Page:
The editor in charge of this paper was Fabrizio Zilibotti.
DO HOUSE PRICES DRIVE CONSUMPTION GROWTH? THE COINCIDENT CYCLES OF HOUSE PRICES AND CONSUMPTION IN THE UK
Article first published online: 5 APR 2011
© 2011 by the European Economic Association
Journal of the European Economic Association
Volume 9, Issue 3, pages 399–435, June 2011
How to Cite
Attanasio, O., Leicester, A. and Wakefield, M. (2011), DO HOUSE PRICES DRIVE CONSUMPTION GROWTH? THE COINCIDENT CYCLES OF HOUSE PRICES AND CONSUMPTION IN THE UK. Journal of the European Economic Association, 9: 399–435. doi: 10.1111/j.1542-4774.2011.01021.x
Acknowledgments: Financial support from the ESRC (Grant RES-000-22-1913) is gratefully acknowledged. This work builds on several previous joint works with a collection of co-authors. We fully acknowledge the contributions to our thoughts of Laura Blow, Renata Bottazzi, Robert Hamilton, Hamish Low, Lars Nesheim and Guglielmo Weber. Special thanks are due to Hamish for his generosity in sharing his knowledge of constructing and solving dynamic models. We also thank Richard Blundell, Christopher D. Carroll, Marjorie Flavin, Costas Meghir, Francois Ortalo-Magné, Victor Rios-Rull for helpful discussions and an anonymous referee and a co-editor for useful comments. This paper was delivered as the Schumpeter Lecture at the Meetings of the European Economic Association held in Glasgow in August 2010. Early versions were presented at the University of Frankfurt, the Board of Governors of the FED, the NBER Summer Institute 2008 (meeting on Aggregate Implications of Microeconomic Consumption Behaviour), the Royal Economic Society Annual Conference 2008, the Bank of England and the University of Padova, where we received useful feedback. Data from the Family Expenditure Survey/Expenditure and Food Survey are Crown Copyright and used with the permission of the Controller of HMSO and the Queen’s Printer for Scotland. We acknowledge the Office for National Statistics and Department for Environment Food and Rural Affairs as the original data creators and the UK Data Archive as the source of the data. Data from the British Household Panel Survey are collected by the Institute for Economic and Social Research, funded by the Economic and Social Research Council and downloaded from the UK Data Archive. These organizations bear no responsibility for the analysis or interpretation of the data in this paper. Attanasio is a member of the NBER and CEPR. The usual disclaimer applies.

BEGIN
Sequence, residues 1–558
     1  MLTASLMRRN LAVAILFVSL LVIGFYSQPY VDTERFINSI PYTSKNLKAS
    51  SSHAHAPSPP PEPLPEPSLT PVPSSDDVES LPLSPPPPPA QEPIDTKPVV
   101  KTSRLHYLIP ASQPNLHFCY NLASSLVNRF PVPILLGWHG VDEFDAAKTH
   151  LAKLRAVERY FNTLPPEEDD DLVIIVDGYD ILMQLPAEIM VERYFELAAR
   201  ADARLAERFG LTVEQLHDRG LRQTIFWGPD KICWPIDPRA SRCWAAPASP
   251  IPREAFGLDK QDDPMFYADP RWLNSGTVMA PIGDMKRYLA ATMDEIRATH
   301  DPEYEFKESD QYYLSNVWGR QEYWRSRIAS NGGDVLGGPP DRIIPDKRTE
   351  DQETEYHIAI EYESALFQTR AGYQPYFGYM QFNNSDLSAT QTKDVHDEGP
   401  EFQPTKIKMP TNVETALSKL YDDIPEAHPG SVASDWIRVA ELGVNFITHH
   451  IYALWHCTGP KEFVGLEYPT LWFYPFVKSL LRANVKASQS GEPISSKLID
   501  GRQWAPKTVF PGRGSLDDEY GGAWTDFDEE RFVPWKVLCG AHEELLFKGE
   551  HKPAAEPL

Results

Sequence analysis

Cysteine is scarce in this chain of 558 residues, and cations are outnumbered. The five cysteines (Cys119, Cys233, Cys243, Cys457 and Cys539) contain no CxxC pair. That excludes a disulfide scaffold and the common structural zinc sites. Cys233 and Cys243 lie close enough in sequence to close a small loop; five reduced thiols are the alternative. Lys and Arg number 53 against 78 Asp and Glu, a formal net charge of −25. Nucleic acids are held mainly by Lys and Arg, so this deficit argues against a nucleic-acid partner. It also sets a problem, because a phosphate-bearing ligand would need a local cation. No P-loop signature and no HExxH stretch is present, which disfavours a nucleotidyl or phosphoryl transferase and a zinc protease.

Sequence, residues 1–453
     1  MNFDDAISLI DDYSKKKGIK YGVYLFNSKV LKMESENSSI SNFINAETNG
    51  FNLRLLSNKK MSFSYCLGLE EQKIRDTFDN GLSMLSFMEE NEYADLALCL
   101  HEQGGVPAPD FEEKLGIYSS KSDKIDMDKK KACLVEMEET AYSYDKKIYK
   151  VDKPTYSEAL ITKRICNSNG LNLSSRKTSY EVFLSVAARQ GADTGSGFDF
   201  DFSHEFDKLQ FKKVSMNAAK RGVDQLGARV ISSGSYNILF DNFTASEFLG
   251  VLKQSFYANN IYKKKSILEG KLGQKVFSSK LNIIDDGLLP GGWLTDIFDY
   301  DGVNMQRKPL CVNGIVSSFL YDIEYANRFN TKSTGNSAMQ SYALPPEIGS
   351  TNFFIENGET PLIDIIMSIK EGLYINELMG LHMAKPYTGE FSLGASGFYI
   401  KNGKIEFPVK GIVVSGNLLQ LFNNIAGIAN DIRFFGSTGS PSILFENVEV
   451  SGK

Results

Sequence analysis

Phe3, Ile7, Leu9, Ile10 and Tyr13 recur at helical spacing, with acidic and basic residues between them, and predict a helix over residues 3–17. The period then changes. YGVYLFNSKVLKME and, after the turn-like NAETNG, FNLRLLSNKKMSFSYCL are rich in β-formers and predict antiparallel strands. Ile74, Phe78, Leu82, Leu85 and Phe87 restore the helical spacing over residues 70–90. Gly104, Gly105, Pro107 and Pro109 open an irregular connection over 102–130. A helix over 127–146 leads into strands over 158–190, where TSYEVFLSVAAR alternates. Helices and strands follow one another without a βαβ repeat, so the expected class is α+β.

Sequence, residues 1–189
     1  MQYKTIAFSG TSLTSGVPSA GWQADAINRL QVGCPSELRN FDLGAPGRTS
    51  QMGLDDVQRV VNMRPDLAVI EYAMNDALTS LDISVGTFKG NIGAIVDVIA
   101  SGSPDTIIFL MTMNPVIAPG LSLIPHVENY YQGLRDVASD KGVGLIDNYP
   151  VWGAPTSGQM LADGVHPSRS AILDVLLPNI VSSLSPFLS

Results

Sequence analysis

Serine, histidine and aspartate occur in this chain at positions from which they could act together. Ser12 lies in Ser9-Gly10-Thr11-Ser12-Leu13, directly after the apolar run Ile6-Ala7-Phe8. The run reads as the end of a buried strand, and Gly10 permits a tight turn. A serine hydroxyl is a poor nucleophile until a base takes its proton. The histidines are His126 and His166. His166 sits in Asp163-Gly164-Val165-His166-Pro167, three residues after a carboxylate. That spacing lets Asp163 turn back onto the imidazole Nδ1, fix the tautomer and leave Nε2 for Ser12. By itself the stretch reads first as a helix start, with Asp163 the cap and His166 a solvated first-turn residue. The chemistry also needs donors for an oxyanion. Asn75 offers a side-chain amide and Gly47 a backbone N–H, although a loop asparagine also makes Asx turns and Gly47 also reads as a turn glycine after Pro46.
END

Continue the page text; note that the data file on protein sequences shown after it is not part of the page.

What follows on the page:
- Issue published online: 11 MAY 2011
- Article first published online: 5 APR 2011
This paper uses a realistic structural lifecycle model of consumption and housing decisions to understand how data might distinguish different mechanisms that explain the correlation between house prices and consumption. The model includes price and earnings shocks estimated from data (the latter including aggregate and idiosyncratic components), and incorporates realistic features of the UK mortgage market. We simulate the model using more than 30 years of realized shocks and under counterfactual scenarios. Our results confirm the intuition of earlier studies: house price shocks should have a larger effect on the consumption of older households and earnings shocks on young households.